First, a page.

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Top EU diplomat warns prospect of restoring Iran nuclear deal ‘is shrinking’

‘But we still can do it with an extra effort,’ Joseph Borrell says after speaking with Iranian FM; vows willingness to help resolve ‘latest outstanding issues’

The EU's top diplomat Josep Borrell speaks to the press after a meeting of EU defense ministers at the European Council building in Brussels, May 17, 2022. (AP Photo/Olivier Matthys)
The EU's top diplomat Josep Borrell speaks to the press after a meeting of EU defense ministers at the European Council building in Brussels, May 17, 2022. (AP Photo/Olivier Matthys)

The European Union’s top diplomat on Saturday warned of the diminishing prospect of reviving the 2015 accord limiting Iran’s nuclear program in exchange for sanctions relief.

“The possibility to strike a deal and return to JCPOA is shrinking. But we still can do it with an extra effort,” Josep Borrell wrote on Twitter, referring to the nuclear deal by its initials.

“As coordinator, I stand ready any time to facilitate a solution to the latest outstanding issues.”

Negotiations to restore the pact have been deadlocked since stalling in March. A key sticking point is Tehran’s demand rejected by Washington — that the Islamic Revolutionary Guard Corps, the ideological arm of the Iranian military, be removed from a US terrorism blacklist.

Borrell’s tweet came after he spoke Friday with Iranian Foreign Minister Hossein Amir-Abdollahian, who warned Western nations against taking “political action” against Iran at next week’s meeting of the International Atomic Energy Agency.

The US, France, Britain and Germany want the IAEA’s Board of Governors to censure Iran for failing to explain longstanding questions over uranium traces at undeclared sites.

“Any political action by the United States and the three European countries in the IAEA would provoke without any doubt a proportional, effective and immediate response on the part of the Islamic Republic of Iran,” Amir-Abdollahian told Borrell, according to a statement from Iran.

Iranian Foreign Minister Hossein Amir-Abdollahian gives a press conference after meeting his Iraqi counterpart at the foreign ministry headquarters in Iran’s capital Tehran, on April 13, 2022. (Atta Kenare/AFP)

Amir-Abdollahian also lashed out at the UN’s atomic watchdog, saying a visit by the organization’s chief to Israel violated the organization’s “neutrality.”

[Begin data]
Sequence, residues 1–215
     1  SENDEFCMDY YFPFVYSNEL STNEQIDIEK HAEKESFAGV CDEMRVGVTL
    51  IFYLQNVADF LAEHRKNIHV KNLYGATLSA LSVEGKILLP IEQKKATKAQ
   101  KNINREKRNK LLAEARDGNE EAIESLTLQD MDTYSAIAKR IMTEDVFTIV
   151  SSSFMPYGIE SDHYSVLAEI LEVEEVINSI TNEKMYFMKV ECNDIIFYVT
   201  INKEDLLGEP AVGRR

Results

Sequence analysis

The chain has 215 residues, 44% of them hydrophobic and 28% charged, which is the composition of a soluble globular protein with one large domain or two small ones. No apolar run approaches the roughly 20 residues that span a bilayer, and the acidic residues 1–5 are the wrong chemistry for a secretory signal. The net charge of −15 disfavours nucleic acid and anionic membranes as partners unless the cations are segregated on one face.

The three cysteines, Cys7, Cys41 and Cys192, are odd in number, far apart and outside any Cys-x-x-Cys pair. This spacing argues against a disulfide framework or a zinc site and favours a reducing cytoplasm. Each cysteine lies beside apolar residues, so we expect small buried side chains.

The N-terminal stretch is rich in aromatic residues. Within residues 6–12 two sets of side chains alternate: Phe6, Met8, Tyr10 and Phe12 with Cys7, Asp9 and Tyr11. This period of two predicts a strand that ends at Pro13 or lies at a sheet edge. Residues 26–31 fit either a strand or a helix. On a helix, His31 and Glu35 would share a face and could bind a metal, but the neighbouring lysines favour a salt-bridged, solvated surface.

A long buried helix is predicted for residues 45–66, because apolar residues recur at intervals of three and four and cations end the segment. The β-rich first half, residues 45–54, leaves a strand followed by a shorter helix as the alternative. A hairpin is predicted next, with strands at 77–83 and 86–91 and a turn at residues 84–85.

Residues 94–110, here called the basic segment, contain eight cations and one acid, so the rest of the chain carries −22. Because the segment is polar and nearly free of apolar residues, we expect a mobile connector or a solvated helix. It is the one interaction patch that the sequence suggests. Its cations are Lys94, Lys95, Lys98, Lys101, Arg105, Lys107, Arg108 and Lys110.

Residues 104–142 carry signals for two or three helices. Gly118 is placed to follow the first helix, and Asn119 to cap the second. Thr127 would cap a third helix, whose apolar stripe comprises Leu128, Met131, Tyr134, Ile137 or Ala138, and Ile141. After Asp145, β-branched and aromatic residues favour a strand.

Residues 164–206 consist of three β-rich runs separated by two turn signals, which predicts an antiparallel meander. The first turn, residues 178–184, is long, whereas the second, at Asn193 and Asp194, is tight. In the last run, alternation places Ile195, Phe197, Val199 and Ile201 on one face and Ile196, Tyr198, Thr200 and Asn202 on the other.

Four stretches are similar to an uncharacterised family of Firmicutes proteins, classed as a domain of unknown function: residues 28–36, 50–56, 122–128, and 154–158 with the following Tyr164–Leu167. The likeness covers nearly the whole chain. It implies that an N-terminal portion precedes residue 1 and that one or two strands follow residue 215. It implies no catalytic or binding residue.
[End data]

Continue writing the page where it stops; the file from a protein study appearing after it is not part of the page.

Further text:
IAEA director Rafael Grossi visited Israel on Friday for talks with Prime Minister Naftali Bennett focused on Iran’s nuclear program.

A statement from Bennett’s office said the premier warned him that Iran was pushing ahead on developing a nuclear weapon while misleading the world with “false information and lies” to conceal its work.

Bennett stressed the “urgent need” to confront Iran using “all means” to prevent it from acquiring nuclear arms, according to the Prime Minister’s Office. He also called for the IAEA to send Tehran a “clear and unequivocal message” at the upcoming Board of Governors meeting dealing with undeclared Iranian nuclear sites.

“Bennett made it clear that while Israel prefers diplomacy in order to deny Iran the possibility of developing nuclear weapons, it reserves the right to self-defense and to take action against Iran in order to block its nuclear program should the international community not succeed in the relevant timeframe,” the statement said.

Prime Minister Naftali Bennett (R) meets with Rafael Grossi, director-general of the International Atomic Energy Agency, on June 3, 2022. (Kobi Gideon/GPO)

Grossi’s trip came as Israel has expressed growing concerns about Iran’s atomic activities and any potential return to the 2015 nuclear agreement between Tehran and world powers.

Israel was a staunch opponent of the 2015 nuclear deal and welcomed the Trump administration’s unilateral withdrawal from the agreement, which caused it to collapse. However, a number of current and former security officials have begun saying that the withdrawal was a mistake, as it has led to Iran accelerating its nuclear enrichment efforts.

The Biden administration has been trying to renew the accord, which lifted sanctions on Iran in return for limits to and oversight of its nuclear program.

Iran has always said its nuclear activities are for purely peaceful purposes but has stepped up uranium enrichment after the collapse of the nuclear accord to near weapons-grade levels.

US intelligence agencies, Western nations and the IAEA have said Iran ran an organized nuclear weapons program until 2003. Neither the US nor Israel has ruled out the use of military force to prevent Iran from developing a nuclear weapon.

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